NYPD vs OWS: Crackdown but no backdown
This as up to a thousand people marched through the streets of the city to Union Square in Manhattan to show solidarity with fellow activists in Oakland, California, who had been subject to a severe crackdown by riot squads.
Demonstrators walked the streets chanting “Oakland is New York City, New York City is Oakland.”
There are reports that police attempted to use orange netting either to stop demonstrators or prevent them from accessing certain streets. Some protestors reportedly took the netting and threw it in the garbage.
As the demonstration progressed through the city, more people joined it.
s NY police began making arrests, reports emerged of heavy-handedness, with officers throwing people to the ground to a chorus of “shame on you” from protesters.
Despite growing police brutality, the Occupy Wall Street movement that started in NYC is showing no signs of weakening, with demonstrations now entering their sixth week. Protests have spread to 1,400 cities in the US and have also found support in Europe and Canada.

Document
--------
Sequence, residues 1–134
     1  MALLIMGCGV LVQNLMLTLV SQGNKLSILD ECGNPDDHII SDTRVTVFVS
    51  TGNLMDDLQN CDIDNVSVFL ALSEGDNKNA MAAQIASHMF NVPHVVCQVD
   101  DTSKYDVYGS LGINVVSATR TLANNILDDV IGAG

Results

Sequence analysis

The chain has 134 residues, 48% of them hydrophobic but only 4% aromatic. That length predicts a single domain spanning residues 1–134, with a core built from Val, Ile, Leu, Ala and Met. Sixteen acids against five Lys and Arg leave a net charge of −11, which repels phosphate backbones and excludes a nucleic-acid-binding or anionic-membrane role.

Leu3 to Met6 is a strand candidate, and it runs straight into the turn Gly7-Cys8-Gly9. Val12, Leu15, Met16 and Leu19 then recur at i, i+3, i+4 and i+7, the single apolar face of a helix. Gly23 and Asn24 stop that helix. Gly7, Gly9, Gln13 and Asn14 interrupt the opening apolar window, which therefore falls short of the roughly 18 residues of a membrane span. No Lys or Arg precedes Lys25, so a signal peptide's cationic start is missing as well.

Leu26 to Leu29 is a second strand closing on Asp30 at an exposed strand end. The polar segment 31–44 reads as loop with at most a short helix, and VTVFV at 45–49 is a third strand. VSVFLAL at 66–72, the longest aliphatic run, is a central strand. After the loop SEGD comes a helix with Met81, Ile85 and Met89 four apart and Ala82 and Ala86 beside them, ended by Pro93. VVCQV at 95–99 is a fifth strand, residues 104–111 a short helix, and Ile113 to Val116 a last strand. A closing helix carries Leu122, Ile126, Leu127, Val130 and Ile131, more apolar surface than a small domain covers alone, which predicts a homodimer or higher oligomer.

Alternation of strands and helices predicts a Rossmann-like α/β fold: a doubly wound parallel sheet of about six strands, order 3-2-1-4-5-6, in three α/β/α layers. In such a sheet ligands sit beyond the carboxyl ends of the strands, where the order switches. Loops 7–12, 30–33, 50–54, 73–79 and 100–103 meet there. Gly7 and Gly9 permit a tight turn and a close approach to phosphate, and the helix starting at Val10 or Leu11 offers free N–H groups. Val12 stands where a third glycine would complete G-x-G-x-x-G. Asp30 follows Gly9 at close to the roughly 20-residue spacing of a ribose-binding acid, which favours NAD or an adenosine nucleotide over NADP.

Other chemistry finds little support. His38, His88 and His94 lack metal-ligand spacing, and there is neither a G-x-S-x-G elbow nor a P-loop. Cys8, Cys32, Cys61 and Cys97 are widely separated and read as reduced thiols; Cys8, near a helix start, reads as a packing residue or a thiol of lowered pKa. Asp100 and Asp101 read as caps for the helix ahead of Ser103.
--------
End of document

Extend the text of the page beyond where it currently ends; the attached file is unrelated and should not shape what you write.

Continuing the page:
Since the demonstrations began, no less than 1,000 people have been arrested in cities including New York, Chicago, Boston, San Francisco and Los Angeles.
The bulk of the arrests were made in New York, and the NYPD has already been accused of using aggressive tactics and brute force against activists. The arrests have only served to reinforce the conviction that corporate influence over politics in America is disproportionate, and the police reaction is seen as a move by the authorities to silence the voices being raised against corporate greed and economic injustice.
Riot police are now present in huge numbers in downtown New York. Police helicopters roar above the streets of Manhattan, spotlighting demonstrators in keeping with the best Hollywood traditions. The atmosphere is fraught and there is no sign of a let-up in tensions anytime soon.
The police crackdown on protesters over the last 24 hours in Oakland and Atlanta has been overwhelming, with dozens of activists being arrested as Californian police repeatedly used tear gas and rubber bullets against demonstrators, sometimes throwing flash grenades at groups of activists.
Oakland officials maintain the police had no other choice, claiming the protestors were first to throw bottles and rocks at police squads, injuring two officers and making the clashes in Oakland as the most violent the Occupy movement has seen so far.
Despite the police crackdown, protesters in California’s Oakland have returned to the streets and their numbers are greater than ever.